>the right direction.  I'm currently working with a circuit that someone
>else designed, and now I'm writing software for it.  I can supply a
>schematic for this circuit, but I don't have it here in front of me.
>Basically, we have 2 DC signals and we need to take the difference
>between the 2, and amplify that difference by a factor of 10.  That
>input is then feed into one of the A/D converters on a 16C74A (thus the
>reason I am on this list).  The larger of the 2 signals is fed into the
>+ input on an LMC6482, and the other is fed into the - input.  The
>problem is that when I graph the output signal, and a calculated value
>for S1-S2, they don't match.
>

Your opAmp circuit needs resistors to properly amplify or
difference voltages. You cannot simply put signals onto the
+ and - terminals. You always need a feedback configuration for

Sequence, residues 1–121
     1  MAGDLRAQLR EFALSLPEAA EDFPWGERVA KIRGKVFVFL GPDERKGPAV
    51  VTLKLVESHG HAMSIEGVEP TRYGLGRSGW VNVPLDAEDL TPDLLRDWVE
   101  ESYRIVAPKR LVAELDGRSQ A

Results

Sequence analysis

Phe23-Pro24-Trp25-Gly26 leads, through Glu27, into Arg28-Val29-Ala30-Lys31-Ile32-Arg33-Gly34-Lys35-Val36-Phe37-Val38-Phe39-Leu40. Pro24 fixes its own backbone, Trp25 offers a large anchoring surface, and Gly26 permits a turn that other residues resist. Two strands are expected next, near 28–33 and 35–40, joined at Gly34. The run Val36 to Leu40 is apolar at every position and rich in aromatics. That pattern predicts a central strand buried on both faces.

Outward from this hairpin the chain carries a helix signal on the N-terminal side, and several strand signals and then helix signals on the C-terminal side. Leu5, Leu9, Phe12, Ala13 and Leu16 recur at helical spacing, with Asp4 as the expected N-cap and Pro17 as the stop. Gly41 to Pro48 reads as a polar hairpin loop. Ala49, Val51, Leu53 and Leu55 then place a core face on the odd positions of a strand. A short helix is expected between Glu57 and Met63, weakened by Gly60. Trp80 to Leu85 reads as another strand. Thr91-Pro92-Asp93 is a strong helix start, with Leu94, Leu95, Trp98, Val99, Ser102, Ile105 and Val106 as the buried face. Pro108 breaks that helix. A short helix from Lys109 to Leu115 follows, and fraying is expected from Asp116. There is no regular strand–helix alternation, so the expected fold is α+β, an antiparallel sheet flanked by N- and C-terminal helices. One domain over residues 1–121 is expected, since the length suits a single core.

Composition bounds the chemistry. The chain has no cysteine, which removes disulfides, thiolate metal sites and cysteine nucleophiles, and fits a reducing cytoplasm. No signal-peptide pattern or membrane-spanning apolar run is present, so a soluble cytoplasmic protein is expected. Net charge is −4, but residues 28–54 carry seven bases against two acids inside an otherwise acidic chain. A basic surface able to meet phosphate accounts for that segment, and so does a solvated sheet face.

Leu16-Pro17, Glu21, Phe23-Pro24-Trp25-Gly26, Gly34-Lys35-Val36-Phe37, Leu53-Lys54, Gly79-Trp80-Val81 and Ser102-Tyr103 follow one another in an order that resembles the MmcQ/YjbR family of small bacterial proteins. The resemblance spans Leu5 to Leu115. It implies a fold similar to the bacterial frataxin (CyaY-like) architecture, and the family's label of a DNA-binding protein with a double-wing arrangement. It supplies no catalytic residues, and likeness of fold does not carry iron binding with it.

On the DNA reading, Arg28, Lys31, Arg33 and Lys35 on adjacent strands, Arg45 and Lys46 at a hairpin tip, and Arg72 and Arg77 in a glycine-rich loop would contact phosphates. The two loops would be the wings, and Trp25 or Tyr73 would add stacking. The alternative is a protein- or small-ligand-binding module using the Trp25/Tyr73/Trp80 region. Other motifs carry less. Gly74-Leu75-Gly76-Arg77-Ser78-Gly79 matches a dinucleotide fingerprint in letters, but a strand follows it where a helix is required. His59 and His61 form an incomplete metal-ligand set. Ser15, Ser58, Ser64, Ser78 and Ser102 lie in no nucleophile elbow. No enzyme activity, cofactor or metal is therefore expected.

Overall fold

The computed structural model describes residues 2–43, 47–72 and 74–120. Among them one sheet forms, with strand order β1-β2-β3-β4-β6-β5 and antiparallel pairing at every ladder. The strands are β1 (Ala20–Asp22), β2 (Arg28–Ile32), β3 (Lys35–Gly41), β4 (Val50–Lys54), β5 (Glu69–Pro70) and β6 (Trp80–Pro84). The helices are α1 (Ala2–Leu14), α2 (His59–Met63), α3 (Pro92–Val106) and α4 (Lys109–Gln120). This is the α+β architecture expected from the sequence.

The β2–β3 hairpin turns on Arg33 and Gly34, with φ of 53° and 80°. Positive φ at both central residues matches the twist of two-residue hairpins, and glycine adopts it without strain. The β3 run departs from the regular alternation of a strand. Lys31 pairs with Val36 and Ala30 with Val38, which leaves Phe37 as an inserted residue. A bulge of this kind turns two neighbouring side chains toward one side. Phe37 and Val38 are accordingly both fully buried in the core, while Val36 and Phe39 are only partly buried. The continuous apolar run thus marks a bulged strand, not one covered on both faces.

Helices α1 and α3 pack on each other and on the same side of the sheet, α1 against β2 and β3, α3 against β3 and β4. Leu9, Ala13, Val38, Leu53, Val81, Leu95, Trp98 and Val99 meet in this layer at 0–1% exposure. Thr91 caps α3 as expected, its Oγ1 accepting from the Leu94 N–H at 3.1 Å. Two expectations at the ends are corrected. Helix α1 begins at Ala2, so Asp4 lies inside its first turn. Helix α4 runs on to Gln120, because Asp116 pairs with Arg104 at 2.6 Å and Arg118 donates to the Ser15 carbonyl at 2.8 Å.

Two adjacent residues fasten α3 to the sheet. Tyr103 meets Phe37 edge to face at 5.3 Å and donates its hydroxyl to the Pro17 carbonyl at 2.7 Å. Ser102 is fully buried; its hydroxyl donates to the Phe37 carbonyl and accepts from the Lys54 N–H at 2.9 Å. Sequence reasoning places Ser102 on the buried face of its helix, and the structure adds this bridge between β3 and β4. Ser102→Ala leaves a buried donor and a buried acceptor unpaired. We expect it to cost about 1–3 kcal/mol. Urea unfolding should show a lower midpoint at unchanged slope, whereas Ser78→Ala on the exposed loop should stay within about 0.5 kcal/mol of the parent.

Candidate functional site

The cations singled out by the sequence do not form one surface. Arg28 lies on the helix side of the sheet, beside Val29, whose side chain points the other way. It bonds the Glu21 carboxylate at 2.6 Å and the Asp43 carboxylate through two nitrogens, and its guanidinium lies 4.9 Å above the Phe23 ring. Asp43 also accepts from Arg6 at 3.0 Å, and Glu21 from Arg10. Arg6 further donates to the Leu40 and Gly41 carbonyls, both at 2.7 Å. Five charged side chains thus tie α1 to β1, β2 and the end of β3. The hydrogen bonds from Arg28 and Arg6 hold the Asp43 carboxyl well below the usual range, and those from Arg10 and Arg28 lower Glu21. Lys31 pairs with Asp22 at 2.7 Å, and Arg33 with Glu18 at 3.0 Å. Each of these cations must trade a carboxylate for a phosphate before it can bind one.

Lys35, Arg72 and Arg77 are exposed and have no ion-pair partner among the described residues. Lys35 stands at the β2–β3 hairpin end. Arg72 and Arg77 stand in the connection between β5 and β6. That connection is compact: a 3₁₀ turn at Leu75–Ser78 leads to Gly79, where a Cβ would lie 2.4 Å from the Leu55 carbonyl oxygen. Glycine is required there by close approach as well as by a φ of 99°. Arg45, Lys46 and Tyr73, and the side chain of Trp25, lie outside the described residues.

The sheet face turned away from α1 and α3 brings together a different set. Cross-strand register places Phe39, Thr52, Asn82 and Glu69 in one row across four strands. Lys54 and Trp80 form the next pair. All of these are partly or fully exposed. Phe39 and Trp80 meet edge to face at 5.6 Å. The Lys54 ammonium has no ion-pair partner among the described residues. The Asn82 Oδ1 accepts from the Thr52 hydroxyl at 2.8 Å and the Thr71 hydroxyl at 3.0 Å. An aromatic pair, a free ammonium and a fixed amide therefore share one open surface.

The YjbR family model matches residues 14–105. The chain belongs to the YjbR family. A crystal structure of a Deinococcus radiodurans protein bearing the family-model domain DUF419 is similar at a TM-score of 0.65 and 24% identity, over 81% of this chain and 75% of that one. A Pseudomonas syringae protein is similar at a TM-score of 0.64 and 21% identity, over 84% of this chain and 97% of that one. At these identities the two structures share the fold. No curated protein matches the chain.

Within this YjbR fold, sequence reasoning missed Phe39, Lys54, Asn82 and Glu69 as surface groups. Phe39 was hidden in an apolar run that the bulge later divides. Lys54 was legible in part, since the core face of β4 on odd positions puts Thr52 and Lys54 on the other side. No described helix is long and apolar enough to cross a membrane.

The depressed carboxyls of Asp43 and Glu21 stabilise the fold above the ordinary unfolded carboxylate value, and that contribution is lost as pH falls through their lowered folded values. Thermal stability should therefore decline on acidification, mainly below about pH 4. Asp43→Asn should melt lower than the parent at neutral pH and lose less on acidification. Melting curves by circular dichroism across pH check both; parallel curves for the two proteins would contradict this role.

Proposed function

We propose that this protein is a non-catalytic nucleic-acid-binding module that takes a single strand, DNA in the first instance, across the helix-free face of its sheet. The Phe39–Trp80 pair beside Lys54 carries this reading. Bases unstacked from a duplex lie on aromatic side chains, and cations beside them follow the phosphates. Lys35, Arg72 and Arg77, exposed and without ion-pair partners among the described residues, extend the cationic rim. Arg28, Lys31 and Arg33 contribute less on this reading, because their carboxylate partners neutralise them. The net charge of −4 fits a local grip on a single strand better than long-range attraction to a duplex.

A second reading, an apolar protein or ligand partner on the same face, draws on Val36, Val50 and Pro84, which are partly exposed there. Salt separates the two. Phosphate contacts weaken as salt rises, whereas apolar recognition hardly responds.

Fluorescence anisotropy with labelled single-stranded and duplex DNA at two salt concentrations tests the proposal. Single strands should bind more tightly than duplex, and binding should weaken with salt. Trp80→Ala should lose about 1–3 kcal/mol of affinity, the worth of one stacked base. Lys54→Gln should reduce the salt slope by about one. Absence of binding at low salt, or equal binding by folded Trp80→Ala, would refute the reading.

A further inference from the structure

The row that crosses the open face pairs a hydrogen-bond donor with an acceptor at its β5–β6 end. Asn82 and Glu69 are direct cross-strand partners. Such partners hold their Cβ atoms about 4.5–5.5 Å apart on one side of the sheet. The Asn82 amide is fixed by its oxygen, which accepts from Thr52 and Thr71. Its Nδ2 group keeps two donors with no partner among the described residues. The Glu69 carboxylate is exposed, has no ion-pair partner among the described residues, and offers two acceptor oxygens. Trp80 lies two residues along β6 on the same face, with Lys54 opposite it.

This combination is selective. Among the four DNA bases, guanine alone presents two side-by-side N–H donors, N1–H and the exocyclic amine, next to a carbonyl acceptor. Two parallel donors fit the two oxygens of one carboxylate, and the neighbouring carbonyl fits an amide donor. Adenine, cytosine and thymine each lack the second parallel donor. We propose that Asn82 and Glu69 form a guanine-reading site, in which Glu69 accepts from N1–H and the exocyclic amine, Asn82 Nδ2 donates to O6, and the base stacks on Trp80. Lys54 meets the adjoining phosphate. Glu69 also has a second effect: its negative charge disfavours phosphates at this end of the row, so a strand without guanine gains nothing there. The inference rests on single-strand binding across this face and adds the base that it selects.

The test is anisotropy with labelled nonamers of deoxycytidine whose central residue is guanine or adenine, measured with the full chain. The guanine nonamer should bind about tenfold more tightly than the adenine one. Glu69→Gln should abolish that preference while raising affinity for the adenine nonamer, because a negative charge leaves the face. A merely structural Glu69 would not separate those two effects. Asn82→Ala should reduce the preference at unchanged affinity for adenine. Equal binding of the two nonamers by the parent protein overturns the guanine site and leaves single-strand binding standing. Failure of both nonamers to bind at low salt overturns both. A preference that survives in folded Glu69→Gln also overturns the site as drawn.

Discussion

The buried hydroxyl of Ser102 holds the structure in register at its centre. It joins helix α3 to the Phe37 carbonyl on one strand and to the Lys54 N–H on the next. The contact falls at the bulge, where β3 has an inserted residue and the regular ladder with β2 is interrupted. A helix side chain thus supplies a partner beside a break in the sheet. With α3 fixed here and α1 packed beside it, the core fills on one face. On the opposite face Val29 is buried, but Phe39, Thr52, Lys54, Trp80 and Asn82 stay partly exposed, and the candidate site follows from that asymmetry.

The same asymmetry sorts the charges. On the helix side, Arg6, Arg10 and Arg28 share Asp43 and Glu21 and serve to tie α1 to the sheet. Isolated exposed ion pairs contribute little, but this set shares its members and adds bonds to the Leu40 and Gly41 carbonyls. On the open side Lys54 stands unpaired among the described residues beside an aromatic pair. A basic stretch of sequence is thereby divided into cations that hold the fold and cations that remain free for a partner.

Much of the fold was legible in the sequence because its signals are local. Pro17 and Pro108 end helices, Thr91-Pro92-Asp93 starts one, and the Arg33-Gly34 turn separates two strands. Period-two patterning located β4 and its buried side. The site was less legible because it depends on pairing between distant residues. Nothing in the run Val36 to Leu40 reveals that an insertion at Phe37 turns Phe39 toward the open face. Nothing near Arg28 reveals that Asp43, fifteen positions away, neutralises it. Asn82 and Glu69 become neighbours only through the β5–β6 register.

proper operation (except with chips labelled "instrumentation amp*).

1 opAmp can do it.

R1
V2 -------10K-----+--------+      opamp
|        |     +------+
R2 100K      |     |      |
|        +-----|+     |
gnd             |      |---+---1K--- Vout
R3                   |      |   |
V1 --------10K-------------+-----|-     |   |
|     |      |   |
|     +------+   |
+------100K------+
R4

Vout = [R2/(R1+R2)]*V2*[1+(R4/R3)] - V1*(R4/R3)

Vout = [100/(10+100)]*V2*[1+(100/10)] - V1*(100/10)
= 10*(V2 - V1)

the R's should be 1% tolerance, or the terms in the equation
won't cancel properly.

In general, the smaller R's (ie, 10K here) should be lots
bigger than the source resistances of the signals. If
necessary, make all resistors larger by the same factor,
ie, 10K/100K, 20K/200K, 50K/500K, etc. Larger R values are
ok with CMOS opAmps.

The source signals should not be greater than the voltages